I ran down the stairs, only to remember to gracefully walk down the last flight so that Mama couldn’t tell me off for not acting like a lady. I rolled up the sleeves of my blouse neatly, and stepped over to the sink. Muttering an apology to Mama, I plunged my arm into the filled sink and began to scour the dishes. I couldn’t help but wish for the day when I could finally perform magic outside Hogwarts. Life would be a lot easier if I didn’t have to do stupid things like washing dishes. I rinsed the plates with top speed, eager to return to my room and wait for the owl with Archie. When my arms were red and blotchy from steeping in hot water and the plates were gleaming next to the sink, Mama excused me for the next hour and I ran up the stairs.
The second I opened the door to my room, a whirlwind of feathers flew through the tiny window and collided against me. The mottled wings of the delivery owl smacked me straight across the face, its bundle of letters hitting my chest. I staggered backwards and put out my hands to catch the falling owl. There, tied to its foot, was the thing I was waiting for all summer.
“Archie, the letters are here,” I announced, my chest almost exploding with happiness.
I tossed the heavy cream envelope addressed to “Master Achilles McGonagall” in the general direction of my desk, and heard a little thumping sound as my brother caught his Hogwarts letter. Carefully sliding my finger beneath the sealed tab of my own letter, I drew out a bundle of paper. I skimmed through the first page, a standard Hogwarts welcoming letter. The subsequent pages detailed my booklist and timetable, as well as a little note from Professor Dumbledore.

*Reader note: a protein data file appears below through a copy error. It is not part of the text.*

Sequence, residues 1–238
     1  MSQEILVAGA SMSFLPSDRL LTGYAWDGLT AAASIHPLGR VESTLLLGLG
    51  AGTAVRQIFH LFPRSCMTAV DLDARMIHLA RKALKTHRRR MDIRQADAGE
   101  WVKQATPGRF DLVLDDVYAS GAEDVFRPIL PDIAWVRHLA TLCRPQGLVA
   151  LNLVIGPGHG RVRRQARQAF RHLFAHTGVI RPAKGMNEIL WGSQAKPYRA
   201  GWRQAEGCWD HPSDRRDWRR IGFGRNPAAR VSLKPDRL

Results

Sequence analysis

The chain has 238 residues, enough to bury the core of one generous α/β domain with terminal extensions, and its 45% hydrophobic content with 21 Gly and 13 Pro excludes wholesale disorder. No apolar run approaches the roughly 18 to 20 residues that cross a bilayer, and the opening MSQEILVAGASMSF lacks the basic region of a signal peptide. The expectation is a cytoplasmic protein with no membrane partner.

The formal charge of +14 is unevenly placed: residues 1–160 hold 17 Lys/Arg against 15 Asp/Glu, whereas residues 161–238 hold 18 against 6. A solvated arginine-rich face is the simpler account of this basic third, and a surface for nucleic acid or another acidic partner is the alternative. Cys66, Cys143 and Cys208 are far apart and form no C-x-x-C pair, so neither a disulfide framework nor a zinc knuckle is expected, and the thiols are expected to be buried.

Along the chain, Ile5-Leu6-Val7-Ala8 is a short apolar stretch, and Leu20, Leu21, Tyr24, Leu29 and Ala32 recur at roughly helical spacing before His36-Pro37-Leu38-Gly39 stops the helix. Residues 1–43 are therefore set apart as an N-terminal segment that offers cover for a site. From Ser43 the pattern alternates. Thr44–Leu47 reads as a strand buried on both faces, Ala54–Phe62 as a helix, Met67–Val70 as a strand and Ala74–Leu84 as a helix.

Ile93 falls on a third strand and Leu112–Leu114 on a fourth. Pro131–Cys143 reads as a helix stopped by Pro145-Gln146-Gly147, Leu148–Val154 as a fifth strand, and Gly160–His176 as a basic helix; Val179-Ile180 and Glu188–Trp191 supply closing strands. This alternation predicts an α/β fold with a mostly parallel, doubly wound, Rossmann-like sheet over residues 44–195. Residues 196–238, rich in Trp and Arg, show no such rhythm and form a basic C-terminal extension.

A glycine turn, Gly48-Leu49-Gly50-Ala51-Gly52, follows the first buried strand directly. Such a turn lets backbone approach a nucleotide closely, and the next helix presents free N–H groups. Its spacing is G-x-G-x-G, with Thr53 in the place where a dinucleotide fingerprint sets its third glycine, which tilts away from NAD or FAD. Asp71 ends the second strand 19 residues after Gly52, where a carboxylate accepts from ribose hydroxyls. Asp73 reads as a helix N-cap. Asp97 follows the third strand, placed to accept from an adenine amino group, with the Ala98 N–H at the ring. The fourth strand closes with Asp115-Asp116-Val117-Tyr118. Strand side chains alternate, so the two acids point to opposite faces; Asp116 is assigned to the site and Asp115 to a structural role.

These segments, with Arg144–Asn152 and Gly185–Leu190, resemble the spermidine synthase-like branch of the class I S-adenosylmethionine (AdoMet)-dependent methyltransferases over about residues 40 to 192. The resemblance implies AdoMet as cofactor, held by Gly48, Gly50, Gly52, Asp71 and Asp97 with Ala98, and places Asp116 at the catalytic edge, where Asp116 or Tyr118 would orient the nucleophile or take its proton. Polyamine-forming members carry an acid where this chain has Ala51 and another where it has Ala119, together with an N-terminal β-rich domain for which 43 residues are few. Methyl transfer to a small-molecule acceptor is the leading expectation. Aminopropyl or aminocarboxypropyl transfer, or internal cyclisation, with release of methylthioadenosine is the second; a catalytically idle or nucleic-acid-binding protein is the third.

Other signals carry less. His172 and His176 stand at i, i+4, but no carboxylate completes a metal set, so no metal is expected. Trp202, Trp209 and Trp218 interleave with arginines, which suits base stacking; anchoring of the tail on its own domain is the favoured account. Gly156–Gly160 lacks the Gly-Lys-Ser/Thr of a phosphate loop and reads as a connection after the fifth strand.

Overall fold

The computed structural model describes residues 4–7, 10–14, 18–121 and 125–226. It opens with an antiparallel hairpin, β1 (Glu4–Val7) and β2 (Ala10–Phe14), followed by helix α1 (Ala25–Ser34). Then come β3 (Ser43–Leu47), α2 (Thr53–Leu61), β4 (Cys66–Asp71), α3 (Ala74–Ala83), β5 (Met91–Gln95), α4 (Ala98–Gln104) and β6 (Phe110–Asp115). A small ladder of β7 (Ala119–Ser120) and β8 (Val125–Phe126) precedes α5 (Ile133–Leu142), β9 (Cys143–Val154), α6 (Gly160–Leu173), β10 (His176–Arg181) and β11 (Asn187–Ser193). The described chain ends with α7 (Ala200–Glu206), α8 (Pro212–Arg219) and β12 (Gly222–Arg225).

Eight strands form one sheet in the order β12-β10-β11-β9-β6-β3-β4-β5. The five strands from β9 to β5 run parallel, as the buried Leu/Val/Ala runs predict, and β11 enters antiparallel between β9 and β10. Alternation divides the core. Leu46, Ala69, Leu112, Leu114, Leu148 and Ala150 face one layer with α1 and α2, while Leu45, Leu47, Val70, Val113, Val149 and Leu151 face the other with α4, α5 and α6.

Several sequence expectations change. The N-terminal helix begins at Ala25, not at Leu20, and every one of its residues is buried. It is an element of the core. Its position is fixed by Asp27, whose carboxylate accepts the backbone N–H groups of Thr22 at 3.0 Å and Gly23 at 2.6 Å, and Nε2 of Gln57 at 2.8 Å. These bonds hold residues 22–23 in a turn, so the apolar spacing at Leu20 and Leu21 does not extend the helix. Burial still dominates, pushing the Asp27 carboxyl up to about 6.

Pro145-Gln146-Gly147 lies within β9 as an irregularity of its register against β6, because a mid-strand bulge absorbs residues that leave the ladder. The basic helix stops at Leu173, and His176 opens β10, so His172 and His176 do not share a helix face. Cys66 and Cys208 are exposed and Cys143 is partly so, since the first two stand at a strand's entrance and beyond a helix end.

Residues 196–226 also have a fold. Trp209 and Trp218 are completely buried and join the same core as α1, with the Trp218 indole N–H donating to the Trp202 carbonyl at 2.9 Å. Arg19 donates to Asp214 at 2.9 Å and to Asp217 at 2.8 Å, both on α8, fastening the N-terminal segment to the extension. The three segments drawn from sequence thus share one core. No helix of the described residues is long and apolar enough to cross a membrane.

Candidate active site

As your results from last year’s Transfiguration assignments and exams have shown your excellent grasp of the subject, Professor Dippet and I have agreed to organise an extension class for you and a few other students. These classes are held in the hope of giving you materials that will really challenge your abilities, and they are to be held every Thursday afternoon between four and seven in the Transfiguration room on the second floor. Books needed for this extension class have been included in your booklist.
Yes! I thought as I skimmed through the booklist. Finally something extremely exciting to look forward to at Hogwarts. I walked over to my desk and grabbed a quill, circling the items on the booklist that I didn’t already own. I also needed new robes, since I’ve grown two inches over the summer. We have to go to Diagon Alley soon. Preferably the next day.
“It’s so strange being called Master Achilles,” my brother giggled next to me.
“At least your name’s not Miss Minerva McGonagall,” I said back, grinning, “My whole name’s a bloody alliteration.”
“Minnie! You’re not meant to say bloody,” he said, feigning shock.
“Ha! You said it too, so we’re even,” I replied, plucking Archie’s letter out of his hands, “Let’s see, you can just take all my books from last year. Which means you’ll need a wand, robes and some other things.”
“Don’t forget the owl! I’m going to name him Gizmo when Mama gets me one,” Archie said, reaching up to snatch the letter back.
“Well, I’m going downstairs to tell Ma and Pa that the letters have come,” I said, folding my letter up neatly, “Are you coming?”
“Yes,” he said, skipping out of the room in front of me, “I’m going to Hogwarts!”